What followed next is a series of disappointments. There were FA cup wins in 2005, 2014 and 2015. But other than that, disappointment after disappointment. There was the improbable march to the 2006 Champion’s League final in 2006 in Paris, the home city of Thierry Henry. But they spent most of that match playing one man down, and who knows what would have happened? In 2008, they got in William Gallas and made him the captain, in the hope that he’d bring in some of the ethos of the famous Chelsea defence. It didn’t work, and there’s no reason to suppose that it would also work with Petr Cech. There was an infamous end of the season collapse in 2008. There was an infamous match against Birmingham, and I remember not really watching that match, but first, there was the horrible leg break on Eduardo, and his career has never recovered. Then there was the time when Birmingham was awarded a last minute penalty, and William Gallas threw a hissy fit. A week or two later, Man U beat Arsenal in a FA cup match. There was this infamous moment when Nani tried to showboat against Arsenal after they were 4-0 up against them.
Now here’s the thing. We didn’t know it yet, but in 2008, Man U were in the middle of their last great team. They had a lot of promising youngsters, many of which were of Portuguese or Brazillian origin – Nani, Anderson, and the Da Silva twins. And none of them fulfilled their potential. We didn’t know it, but the three-peat of 2006-2009 for Man U was the last time anybody would successfully defend an EPL title. But, I would say that the last 5 years of Alex Ferguson’s reign at Man U were the greatest years of his reign, because he figured out how to take a flawed team, and grind titles out of them. There isn’t any reason why he should have won the titles in 2011 and 2013, but somehow, he managed to do it.
Arsene Wenger, on the other hand, may have been dealt worse hands, but he didn’t manage to grind them to victories. There were many other cases of him snatching defeat from the jaws of victory. In 2011, 2014 and now, in 2016, he managed to take his team to the pole position 2-3 months away from the end of the season, and somehow he managed to contrive a late season slump in form which would see their hopes evaporate. In all the other years, the season would be extremely underwhelming, until a late season flourish would see them grab the 4th place.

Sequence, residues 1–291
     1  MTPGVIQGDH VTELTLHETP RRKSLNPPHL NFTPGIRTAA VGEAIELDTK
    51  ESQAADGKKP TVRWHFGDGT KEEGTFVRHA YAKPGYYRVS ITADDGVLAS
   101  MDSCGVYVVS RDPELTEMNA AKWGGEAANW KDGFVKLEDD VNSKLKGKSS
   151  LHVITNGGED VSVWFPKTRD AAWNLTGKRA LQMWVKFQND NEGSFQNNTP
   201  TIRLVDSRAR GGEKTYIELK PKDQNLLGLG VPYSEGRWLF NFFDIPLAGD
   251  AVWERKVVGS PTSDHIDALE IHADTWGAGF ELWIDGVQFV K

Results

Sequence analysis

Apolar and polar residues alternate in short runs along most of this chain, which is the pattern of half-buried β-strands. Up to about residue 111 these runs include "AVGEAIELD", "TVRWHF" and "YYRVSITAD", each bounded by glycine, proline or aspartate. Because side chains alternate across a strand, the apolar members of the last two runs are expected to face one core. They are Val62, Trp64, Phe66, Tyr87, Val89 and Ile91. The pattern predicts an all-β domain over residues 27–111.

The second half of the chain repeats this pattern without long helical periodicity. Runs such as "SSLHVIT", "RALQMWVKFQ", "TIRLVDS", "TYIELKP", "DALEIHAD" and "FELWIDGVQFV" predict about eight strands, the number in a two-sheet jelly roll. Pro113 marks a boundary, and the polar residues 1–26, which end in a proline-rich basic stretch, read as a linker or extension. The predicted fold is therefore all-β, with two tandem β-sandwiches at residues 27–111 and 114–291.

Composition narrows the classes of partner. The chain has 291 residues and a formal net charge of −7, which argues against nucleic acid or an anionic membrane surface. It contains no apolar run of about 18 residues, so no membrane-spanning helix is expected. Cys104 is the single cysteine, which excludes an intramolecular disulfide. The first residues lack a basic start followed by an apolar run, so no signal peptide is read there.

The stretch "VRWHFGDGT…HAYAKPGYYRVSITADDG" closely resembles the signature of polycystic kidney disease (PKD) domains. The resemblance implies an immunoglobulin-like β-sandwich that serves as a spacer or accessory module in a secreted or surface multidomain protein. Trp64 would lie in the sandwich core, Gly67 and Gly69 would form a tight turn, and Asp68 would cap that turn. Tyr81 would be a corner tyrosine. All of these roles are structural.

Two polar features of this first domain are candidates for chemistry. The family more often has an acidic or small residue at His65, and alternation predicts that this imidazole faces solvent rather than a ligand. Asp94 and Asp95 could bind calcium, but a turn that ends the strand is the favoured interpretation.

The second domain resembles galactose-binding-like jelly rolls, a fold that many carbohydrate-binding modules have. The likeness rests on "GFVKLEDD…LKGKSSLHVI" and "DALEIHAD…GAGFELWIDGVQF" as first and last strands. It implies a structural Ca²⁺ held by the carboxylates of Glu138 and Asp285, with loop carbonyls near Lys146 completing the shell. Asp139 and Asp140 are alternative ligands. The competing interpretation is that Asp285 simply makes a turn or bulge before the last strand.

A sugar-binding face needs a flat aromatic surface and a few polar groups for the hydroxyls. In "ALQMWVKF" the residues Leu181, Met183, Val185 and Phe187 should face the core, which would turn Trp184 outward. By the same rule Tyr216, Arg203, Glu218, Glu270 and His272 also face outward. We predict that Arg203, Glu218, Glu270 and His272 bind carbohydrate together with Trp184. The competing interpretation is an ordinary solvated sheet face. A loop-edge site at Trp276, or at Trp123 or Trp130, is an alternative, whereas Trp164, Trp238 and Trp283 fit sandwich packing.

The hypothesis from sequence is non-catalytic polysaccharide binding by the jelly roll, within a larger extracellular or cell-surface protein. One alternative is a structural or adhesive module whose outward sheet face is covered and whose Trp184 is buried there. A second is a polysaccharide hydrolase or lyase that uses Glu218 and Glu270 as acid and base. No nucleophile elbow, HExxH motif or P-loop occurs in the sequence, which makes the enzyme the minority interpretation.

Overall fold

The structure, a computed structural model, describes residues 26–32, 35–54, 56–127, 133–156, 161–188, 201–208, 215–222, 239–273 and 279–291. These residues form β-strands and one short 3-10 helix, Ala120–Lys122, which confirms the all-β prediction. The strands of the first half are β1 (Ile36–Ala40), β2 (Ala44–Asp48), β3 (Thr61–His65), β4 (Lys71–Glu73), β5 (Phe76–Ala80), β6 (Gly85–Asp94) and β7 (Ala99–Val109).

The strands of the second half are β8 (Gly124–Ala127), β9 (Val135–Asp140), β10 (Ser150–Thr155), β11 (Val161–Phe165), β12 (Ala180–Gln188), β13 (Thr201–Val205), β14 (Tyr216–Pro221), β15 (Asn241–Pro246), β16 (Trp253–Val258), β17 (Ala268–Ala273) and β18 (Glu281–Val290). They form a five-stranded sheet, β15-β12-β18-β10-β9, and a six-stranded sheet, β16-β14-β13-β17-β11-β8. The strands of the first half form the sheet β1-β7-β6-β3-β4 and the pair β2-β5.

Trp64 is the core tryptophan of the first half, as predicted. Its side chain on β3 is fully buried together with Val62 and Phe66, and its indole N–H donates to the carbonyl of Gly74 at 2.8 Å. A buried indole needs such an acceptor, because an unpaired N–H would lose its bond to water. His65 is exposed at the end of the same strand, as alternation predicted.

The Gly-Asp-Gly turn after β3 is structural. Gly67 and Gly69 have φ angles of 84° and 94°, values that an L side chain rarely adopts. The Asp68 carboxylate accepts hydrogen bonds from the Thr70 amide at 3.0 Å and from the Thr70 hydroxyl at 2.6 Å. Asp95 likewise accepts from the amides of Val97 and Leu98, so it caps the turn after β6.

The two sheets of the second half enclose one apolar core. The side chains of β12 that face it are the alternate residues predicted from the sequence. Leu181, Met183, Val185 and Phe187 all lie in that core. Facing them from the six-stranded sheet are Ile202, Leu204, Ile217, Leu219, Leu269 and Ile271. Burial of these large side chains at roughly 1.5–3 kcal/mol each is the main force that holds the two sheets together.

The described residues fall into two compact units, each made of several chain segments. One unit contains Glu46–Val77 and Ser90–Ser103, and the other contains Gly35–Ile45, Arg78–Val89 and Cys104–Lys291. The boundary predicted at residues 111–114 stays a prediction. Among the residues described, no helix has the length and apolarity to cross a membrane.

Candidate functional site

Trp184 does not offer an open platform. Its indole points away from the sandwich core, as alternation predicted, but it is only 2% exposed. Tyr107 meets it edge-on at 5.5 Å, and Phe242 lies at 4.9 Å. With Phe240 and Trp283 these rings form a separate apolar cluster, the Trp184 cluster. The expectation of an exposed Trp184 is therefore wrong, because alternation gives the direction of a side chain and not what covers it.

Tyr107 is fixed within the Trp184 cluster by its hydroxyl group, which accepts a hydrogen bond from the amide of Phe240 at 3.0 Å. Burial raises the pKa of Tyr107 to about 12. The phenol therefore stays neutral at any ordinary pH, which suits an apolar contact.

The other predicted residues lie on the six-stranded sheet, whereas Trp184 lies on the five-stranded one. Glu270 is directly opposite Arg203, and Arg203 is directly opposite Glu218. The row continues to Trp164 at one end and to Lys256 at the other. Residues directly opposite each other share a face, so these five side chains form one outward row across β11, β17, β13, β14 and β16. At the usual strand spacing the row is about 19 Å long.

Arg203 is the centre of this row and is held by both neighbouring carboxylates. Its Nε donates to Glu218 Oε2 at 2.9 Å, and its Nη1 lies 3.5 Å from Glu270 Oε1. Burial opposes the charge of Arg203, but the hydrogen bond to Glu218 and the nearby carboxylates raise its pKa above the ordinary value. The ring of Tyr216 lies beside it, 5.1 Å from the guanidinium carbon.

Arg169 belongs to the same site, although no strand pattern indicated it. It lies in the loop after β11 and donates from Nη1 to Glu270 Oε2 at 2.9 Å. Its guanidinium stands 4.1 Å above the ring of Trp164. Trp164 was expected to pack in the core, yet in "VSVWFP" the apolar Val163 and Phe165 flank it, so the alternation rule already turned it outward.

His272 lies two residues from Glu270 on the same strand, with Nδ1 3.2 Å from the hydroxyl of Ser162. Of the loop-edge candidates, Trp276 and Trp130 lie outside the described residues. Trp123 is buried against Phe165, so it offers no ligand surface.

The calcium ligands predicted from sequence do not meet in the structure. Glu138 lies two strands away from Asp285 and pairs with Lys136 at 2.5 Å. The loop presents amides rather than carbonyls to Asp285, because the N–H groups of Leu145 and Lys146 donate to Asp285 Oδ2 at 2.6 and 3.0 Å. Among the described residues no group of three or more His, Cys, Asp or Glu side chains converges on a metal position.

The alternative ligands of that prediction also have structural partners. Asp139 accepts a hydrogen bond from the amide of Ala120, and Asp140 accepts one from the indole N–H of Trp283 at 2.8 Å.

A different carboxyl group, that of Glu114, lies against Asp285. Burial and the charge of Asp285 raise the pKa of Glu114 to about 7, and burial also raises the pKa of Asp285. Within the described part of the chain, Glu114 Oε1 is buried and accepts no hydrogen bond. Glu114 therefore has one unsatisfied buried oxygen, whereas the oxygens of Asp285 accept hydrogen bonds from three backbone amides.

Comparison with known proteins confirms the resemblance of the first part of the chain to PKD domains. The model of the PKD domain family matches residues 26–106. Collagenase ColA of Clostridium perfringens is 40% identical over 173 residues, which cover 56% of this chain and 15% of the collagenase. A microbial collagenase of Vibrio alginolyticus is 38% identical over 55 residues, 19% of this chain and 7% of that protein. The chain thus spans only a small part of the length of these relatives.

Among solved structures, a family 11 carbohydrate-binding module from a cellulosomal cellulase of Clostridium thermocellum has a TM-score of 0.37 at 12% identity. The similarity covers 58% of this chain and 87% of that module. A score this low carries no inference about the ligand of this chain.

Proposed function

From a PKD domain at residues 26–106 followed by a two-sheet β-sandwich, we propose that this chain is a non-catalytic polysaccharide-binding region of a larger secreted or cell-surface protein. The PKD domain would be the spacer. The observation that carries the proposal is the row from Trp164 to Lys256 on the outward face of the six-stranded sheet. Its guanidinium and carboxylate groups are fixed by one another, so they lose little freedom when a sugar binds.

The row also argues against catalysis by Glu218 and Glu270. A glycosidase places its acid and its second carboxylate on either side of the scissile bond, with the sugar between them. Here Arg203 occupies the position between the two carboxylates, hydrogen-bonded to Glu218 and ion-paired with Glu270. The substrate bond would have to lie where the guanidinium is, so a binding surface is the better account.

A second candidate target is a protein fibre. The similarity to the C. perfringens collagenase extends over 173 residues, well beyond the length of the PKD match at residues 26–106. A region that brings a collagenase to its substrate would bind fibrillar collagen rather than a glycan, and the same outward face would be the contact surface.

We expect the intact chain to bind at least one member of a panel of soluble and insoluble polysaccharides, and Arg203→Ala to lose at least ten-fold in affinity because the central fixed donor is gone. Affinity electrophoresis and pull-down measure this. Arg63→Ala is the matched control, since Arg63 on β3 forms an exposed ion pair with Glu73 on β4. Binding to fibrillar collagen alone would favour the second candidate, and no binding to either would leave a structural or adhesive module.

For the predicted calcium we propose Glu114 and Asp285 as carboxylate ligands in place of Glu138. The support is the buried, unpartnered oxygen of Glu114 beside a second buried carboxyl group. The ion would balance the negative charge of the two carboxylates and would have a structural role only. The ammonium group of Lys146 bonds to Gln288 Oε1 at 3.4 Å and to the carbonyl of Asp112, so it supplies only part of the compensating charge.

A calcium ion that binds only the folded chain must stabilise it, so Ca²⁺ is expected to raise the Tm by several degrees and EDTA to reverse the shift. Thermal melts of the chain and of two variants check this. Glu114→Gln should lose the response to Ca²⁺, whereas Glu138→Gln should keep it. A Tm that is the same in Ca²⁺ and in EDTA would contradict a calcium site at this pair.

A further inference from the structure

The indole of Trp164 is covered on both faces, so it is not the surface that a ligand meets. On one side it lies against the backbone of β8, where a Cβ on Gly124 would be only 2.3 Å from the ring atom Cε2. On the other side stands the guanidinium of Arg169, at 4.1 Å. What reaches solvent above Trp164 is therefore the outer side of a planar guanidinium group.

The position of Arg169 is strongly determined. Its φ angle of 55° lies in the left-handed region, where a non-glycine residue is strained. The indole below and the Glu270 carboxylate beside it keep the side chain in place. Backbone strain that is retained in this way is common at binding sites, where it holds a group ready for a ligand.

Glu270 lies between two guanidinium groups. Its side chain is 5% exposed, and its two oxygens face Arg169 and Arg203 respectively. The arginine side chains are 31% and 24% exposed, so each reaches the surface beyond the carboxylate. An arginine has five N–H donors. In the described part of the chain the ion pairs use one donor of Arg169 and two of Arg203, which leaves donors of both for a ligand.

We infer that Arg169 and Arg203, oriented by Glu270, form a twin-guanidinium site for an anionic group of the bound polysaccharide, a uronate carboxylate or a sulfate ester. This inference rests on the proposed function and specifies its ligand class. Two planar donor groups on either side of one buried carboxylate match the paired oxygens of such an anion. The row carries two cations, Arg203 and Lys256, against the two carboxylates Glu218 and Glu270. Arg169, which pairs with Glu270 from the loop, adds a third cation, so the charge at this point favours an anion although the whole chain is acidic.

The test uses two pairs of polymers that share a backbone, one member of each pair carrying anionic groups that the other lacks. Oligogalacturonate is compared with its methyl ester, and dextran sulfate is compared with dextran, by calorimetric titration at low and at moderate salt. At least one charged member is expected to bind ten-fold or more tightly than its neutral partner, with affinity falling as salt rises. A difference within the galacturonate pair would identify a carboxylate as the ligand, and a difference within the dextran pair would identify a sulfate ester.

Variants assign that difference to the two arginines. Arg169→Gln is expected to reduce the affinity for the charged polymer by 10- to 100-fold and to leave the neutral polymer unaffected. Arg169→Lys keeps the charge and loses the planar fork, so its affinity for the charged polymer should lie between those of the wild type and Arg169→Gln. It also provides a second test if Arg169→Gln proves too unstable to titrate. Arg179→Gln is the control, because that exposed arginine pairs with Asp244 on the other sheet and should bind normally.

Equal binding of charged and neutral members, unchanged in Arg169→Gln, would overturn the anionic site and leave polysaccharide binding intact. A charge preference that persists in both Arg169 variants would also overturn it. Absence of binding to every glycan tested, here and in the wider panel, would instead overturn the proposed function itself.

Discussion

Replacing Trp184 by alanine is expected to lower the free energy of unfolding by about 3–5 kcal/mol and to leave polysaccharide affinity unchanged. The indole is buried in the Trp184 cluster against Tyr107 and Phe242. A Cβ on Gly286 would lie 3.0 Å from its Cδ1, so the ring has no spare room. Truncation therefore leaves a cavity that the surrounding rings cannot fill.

In a way, I see this season as a repeat of last season. On average, they would perform as well as this season. Of course, if they ended this season with 79 points like last season, they would win the title, but this is a season where everybody was unusually strong. There’s been a lot of talk about how Newcastle, Sunderland and Aston Villa have suddenly regressed and are the brink of relegation. No, they are on the brink of relegation because everybody has improved to the point where there aren’t 3 other teams which are crap. Only Aston Villa are truly crap, but that’s the price you pay for selling away Fabian Delph, Tom Cleverley and Christian Benteke all at the same time. The clubs that came in – Bournemouth, Watford and Norwich are pretty good, although Norwich are in a relegation scrap. West Ham, Southampton, Leicester, Stoke, Crystal Palace and Tottenham are all punching above their weight. Accordingly, Chelsea, Liverpool, Man City, Man U and Everton have underperformed. The English Premier League does not have any team which is truly great, but this is a genuinely competitive league.
The problem with Arsenal is that something always screws up. There will always be one or two cards short of a full deck, and it will always be frustrating. During the days of Fabregas, Hleb and Flamini, the problem was that their best players would always want to leave. Thus, you had those three leaving in the end, you had Van Persie leaving right after his best ever season, when he still had two good seasons left in him, and when he helped Man U to win the league. You had Gael Chichy, Samir Nasri, Emanuel Adebayor, Bacary Sagna and Kolo Toure joining Man City. You had Fabregas, Hleb and Henry joining Barcelona. Then you had players who were good but were always getting injured, like Abou Diaby, Eduardo, Jack Wilshire and Aaron Ramsey.
Then, of late, you managed to stem the tide, and you have a neat squad with Olivier Giroud, Alexis Sanchex, Mesut Ozil, Santi Carzola and Petr Cech. On top of good squad players like Arteta and Rosicky who were not always playing, but old heads. So you proved that you didn’t always need to rely on youngsters. Then what? You wouldn’t necessarily solve your injury problems. One season or two ago, you proved that you could win ugly, by going direct and pumping the ball to Giroud. But then of late you’d have one or two players sent off for indiscipline. You finally had a good defensive partnership in Koscielny and Mertesacker, but you wouldn’t have a good defensive midfielder covering him. Or maybe you would have Coquelin looking like the real deal for half a season before he gets injured.